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Video: Church and the Fourth Estate

When a reporter uncovers a file that reveals a shocking series of child-abuse allegations in Idaho’s Boy Scouts, the investigation rattles a tight-knit community and implicates the Mormon Church. 

Trigger Alert: This film contains graphic descriptions of sexual molestation.

A film by Brian Knappenberger

A documentary produced by Field of Vision

Running time: 33 minutes

Email subscribers may click on the title of this post to watch the documentary.


SUNDANCE 2020 FILM FESTIVAL REVIEW

By Norman Gidney writing for Film Threat.

Director Brian Knappenberger returns to the world of documentaries with a searing piece of work. His new short film documentary Church and the Fourth Estate follows abuse victim Adam Steed, and reporter Peter Zuckerman. Steed is a devout Mormon and Boy Scout, and Zuckerman is an Idaho reporter who received a tip via sticky note about a case that had been literally removed from the record.

Steed painfully recounts his abuse. A scout leader took advantage of their position of power during a quiet weekend at summer camp, forever scarring him. Equally disturbing is how the Scouts and church leaders encouraged Steed and his family to keep it contained within the Church of Latter-Day Saints so as not to bring shame upon their religion. Years later, reporter Zuckerman ran a series of stories outlining the incident and coverup, only to be attacked by Idaho’s richest man, Frank VanderSloot.

“…a case that had been literally removed from the record.”

Church and the Fourth Estate is a gut-wrenching account of misused oversight and the abuse of power. Knappenberger keeps a lean narrative as we follow the subjects and their battle for truth, and for sanity, consequences be damned. During one heartbreaking scene, Zukerman breaks down during deposition in his attempt to stand firm in the face of attacks, death threats, and ultimately his outing as a gay man.

Knappenberger has much more on his mind than attacking the Boy Scouts or the Church of Latter-Day Saints. This is a documentary about the abuse of trust and power. It’s a film about how at very crucial times, the forces of authority can fail in a disastrous fashion. At that moment, it is up to the victim and those supportive to speak out against the enemy.

Though a short-form documentary, Church and the Fourth Estate delivers a tremendously important message. One that speaks to the current climate on a variety of fronts. Knappenberger proves that despite the best efforts of those afraid of the truth to cover things up, the truth always prevails. Always.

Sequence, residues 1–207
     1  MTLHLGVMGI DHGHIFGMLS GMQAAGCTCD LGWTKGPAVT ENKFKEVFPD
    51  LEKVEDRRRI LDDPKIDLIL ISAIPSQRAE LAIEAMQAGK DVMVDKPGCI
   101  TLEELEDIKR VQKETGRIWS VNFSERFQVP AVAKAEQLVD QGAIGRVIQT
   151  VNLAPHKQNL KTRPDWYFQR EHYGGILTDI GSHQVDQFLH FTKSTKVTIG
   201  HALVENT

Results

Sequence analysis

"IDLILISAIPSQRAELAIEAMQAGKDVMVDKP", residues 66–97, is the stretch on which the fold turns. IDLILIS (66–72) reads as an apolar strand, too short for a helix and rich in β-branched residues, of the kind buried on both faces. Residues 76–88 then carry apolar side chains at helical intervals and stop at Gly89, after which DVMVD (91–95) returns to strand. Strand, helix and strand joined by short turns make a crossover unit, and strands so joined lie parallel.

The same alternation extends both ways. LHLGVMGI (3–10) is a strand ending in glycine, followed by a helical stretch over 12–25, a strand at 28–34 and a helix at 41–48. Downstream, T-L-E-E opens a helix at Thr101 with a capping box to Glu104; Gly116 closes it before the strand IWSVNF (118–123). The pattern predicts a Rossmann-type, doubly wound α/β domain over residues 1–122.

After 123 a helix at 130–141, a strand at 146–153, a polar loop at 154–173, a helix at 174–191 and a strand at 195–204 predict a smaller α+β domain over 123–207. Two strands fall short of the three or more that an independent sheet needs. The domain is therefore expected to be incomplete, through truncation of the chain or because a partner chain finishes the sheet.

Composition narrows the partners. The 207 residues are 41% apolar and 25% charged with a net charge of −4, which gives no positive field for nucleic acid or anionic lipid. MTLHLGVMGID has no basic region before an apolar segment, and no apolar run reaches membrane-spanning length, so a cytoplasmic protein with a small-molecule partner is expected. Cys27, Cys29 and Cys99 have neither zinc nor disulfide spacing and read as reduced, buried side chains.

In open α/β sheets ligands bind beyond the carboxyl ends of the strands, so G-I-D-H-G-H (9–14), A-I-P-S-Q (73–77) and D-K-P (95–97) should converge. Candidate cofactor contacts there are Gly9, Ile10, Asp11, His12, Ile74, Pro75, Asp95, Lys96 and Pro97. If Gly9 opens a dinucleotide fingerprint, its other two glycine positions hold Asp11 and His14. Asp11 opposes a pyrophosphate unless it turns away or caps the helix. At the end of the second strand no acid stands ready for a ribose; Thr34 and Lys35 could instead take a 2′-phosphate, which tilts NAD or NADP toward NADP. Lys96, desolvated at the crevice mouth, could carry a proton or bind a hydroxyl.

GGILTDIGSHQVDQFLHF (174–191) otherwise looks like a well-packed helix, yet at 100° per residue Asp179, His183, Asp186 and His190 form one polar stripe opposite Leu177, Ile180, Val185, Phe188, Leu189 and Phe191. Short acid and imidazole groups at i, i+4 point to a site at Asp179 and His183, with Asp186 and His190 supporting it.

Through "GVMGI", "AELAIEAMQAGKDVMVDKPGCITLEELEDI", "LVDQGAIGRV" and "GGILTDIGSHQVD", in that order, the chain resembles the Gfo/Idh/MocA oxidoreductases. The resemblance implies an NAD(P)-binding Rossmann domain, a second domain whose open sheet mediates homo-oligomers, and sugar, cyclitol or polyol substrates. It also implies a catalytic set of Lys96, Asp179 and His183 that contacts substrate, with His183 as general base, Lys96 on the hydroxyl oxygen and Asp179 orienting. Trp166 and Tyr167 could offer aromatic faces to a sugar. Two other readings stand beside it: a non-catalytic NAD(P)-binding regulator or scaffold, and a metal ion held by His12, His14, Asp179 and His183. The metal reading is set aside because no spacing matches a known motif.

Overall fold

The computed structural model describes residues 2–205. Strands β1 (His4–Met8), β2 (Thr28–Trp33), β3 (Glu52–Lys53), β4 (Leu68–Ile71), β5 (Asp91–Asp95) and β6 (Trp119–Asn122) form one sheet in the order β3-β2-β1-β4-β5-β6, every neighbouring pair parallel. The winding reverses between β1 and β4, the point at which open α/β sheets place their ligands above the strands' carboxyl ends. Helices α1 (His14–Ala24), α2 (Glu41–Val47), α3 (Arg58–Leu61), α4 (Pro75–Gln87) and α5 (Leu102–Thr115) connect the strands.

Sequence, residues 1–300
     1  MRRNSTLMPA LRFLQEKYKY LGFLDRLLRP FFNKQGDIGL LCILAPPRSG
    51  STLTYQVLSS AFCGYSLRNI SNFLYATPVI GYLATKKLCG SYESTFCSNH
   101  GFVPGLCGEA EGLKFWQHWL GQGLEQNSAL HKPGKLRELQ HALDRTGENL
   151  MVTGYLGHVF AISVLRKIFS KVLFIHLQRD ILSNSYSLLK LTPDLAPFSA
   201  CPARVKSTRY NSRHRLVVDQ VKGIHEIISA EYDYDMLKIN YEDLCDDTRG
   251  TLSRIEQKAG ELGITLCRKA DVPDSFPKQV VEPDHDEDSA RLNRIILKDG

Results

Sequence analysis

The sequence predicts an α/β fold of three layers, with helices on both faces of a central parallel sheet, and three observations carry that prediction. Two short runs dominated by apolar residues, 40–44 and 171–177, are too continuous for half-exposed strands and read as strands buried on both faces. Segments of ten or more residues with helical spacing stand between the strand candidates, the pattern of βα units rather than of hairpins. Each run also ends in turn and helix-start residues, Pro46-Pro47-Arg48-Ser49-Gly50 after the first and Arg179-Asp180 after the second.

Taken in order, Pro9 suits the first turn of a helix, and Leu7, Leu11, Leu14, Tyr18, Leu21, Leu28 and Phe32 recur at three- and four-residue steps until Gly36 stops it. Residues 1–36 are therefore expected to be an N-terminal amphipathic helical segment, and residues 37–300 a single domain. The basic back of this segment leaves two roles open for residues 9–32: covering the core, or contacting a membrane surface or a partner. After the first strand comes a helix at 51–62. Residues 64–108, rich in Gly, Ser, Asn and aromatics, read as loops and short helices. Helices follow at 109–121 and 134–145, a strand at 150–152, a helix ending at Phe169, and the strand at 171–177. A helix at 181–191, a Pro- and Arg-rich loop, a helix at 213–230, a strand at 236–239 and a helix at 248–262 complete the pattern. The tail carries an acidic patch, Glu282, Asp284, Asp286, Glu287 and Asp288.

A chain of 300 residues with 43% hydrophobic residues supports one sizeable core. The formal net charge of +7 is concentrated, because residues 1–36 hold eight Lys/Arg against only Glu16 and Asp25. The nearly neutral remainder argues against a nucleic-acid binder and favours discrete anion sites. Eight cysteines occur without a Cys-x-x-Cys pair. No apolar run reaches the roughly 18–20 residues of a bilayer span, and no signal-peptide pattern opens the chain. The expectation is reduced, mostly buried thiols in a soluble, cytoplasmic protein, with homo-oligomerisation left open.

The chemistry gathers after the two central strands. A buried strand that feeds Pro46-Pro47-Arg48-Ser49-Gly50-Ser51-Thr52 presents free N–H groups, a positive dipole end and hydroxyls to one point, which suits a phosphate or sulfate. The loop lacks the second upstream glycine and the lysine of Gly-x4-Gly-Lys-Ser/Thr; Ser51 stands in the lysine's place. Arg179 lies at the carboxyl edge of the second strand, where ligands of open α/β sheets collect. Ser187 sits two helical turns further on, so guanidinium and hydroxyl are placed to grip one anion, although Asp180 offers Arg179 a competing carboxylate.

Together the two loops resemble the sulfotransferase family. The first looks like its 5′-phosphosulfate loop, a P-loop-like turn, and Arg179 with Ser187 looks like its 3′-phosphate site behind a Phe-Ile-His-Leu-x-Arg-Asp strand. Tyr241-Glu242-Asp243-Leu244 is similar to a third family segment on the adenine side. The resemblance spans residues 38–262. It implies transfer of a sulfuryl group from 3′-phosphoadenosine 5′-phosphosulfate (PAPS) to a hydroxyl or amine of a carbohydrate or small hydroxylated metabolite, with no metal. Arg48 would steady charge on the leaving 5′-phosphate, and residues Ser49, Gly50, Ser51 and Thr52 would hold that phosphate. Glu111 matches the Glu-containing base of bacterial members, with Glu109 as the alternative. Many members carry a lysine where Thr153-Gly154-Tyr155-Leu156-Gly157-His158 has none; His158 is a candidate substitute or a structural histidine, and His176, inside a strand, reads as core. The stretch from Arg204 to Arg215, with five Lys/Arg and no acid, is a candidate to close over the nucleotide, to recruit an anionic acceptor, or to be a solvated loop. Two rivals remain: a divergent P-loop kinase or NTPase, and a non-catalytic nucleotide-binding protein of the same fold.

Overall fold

Church and the Fourth Estate screened at the 2020 Sundance Film Festival.

10 comments on “Video: Church and the Fourth Estate

  1. Lhars
    September 5, 2022

    Re “the truth always prevails”

    No. That’s mostly a fantasy, not reality. Because most often the truth does NOT prevail.

    WHY does the truth typically not prevail? — Meet and get acquainted with “The 2 Married Pink Elephants In The Historical Room” … https://www.rolf-hefti.com/covid-19-coronavirus.html

    Are you one of them?

    (CAVEAT — only read the 2 pink elephant article if you’re GENUINELY interested in the truth and therefore “CAN handle the truth” …)

    Like

  2. allisonfine
    September 4, 2022

    Thank you for this sensitive account.

    Liked by 1 person

    • Vox Populi
      September 4, 2022

      Thanks, Allison. I’m often horrified by the way people treat children.

      >

      Liked by 1 person

      • allisonfine
        September 4, 2022

        I am too. The abuse of our children belongs to all of us to address the truth and the crisis. This includes, of course, the travesty against our Indigenous children in boarding schools and elsewhere. A society that does not care and love the most vulnerable is a society that will collapse from within.

        Like

  3. Barbara Huntington
    September 4, 2022

    My mother told me tiny pieces of stories about Catholic boarding schools in New Mexico. I don’t think I heard 1/10 of what she took to her grave.

    Like

  4. Barbara Huntington
    September 4, 2022

    Powerful.

    Like

  5. loranneke
    September 4, 2022

    Thank you for posting this, Michael. The same abominations happened in Belgium, in the many girl’s Catholic boarding schools, led by nuns. And “It” happens still — and the religious organizations, etc. are still immensely powerful in keeping such abuse under wraps. But, at least, some men and women are coming forward, and more and more people are attentive and ready to help denounce such deeply traumatic abuse to children.

    Liked by 2 people

    • Vox Populi
      September 4, 2022

      Thanks for sharing, Laure-Anne. Those of us who have survived childhood sexual abuse know how devastating it is, and for the abuse to come from a priest or nun, who carry the weight of religious reverence with them, is especially destructive. In the film, the abuse came from Boy Scout leaders who, in the community in which I was raised in the 1950s and 60s, were highly admired, especially by the boys under their care. These wounds go deep and can contribute to alcoholism, drug addiction, domestic violence, divorce and a host of other PTSD related problems.

      >

      Liked by 2 people

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